Towards sanity in software project estimation: a chat with Steve McConnell

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cio.com: Do you think there's a correlation between the distance to the target and managerial ability to plan well to reach it? That is, do you think a moon launch is much less likely to succeed than a jump across the pond?

McConnell: Yes, but the relationship is much more complicated than most people probably think.

The Standish Group has observed, but not really emphasized, that as the industry moved toward more smaller projects in the late 1990s and very early 2000s that success rates went up. They also point to a "trend" in project success rates. I think what they've missed is that it's a lot easier to succeed on small projects than large projects, and we were doing a lot of small projects in the early days of the Internet and for Y2K remediation.

Capers Jones, another estimation guru, has published data that shows a dramatically higher success rate for smaller projects. Larry Putnam has published data showing that as the industry has moved back toward larger projects, as Internet applications mature, that project success rates are going down again.

So I don't see any trend in the data. I see fluctuation from larger to smaller projects and back to larger projects again. Having said all that, we sometimes see organizations estimate better on larger projects than smaller projects because they take those projects more seriously.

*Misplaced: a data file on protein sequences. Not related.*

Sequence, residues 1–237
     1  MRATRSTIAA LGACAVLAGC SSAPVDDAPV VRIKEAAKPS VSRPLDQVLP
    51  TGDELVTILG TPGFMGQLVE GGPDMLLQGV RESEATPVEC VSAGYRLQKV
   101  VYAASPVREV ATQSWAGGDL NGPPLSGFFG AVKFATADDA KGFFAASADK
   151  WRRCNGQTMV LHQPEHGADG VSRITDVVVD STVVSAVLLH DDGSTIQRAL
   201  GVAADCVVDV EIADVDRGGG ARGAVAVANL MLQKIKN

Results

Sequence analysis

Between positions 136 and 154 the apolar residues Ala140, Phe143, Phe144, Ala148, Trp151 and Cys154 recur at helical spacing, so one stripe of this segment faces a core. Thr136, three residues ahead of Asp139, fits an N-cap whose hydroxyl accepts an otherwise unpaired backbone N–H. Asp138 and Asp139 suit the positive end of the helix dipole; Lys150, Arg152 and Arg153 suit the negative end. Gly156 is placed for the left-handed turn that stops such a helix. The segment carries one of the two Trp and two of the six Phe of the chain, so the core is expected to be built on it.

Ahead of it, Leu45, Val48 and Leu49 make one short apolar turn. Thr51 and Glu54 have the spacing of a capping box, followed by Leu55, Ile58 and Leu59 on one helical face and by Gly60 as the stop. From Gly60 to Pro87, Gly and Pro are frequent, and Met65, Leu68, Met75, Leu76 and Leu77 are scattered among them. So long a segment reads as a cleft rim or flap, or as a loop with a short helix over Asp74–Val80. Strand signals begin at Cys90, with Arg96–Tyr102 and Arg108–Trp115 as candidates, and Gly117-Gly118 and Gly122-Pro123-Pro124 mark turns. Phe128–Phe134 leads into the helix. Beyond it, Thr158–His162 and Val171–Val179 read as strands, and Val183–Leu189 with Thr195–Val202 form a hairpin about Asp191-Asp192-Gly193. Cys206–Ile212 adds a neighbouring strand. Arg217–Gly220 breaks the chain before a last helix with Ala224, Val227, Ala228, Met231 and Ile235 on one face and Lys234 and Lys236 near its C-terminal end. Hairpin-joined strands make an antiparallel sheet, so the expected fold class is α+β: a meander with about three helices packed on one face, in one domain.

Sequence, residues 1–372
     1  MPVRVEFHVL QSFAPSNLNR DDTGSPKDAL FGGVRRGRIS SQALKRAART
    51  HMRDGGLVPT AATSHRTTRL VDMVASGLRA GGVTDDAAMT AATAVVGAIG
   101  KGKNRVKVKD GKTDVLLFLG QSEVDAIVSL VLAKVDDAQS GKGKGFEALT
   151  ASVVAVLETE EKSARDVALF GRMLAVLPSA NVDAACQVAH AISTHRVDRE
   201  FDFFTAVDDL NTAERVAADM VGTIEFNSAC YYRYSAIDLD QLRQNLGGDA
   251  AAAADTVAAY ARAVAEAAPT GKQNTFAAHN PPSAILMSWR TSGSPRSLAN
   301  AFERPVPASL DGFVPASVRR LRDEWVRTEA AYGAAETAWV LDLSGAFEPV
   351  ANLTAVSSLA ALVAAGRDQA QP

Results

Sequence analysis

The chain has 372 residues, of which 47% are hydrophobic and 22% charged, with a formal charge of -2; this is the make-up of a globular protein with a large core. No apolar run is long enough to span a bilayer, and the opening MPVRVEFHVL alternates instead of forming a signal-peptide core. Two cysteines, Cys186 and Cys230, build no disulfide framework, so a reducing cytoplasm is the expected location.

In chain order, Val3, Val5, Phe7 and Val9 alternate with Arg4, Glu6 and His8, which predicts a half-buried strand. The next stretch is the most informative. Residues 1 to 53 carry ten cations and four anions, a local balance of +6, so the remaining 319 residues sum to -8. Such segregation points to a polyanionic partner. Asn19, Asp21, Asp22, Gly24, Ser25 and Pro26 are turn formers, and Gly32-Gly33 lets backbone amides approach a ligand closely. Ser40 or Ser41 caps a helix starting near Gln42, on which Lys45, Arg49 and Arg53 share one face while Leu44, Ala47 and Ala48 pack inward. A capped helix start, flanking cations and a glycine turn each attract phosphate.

cio.com: All that sounds as though it supports the various development methodologies for "small iterative projects." Has anyone compared projects using those methodologies to, say, waterfall?

McConnell: Yes, that research is part of what I was referring to when I commented that small projects succeed more often than large projects. So some people might naturally think, "Let's just do small projects." In fact, I worked with one Canadian company that had defined as its business model that they would only do projects that could be completed by teams of 5 people or fewer and would run 6 months or less.

The limitations to this strategy should be blindingly obvious, but we still see various industry pundits advising people to do nothing but short iterations. The problem is that businesses need more long-range predictability than can be provided by highly iterative 1-3 month development cycles.

So there's a justification for adopting more linear development approaches. I say "linear" rather than "waterfall" because few organizations are still doing true waterfall development. The waterfall model was subject to all kinds of problems, and many people seem to paint all linear development approaches as "waterfall." In fact, for many businesses, the most appropriate development approaches are pretty linear, but that doesn't mean they're subject to most of the problems associated with pure waterfall development, at least not if they know what they're doing!

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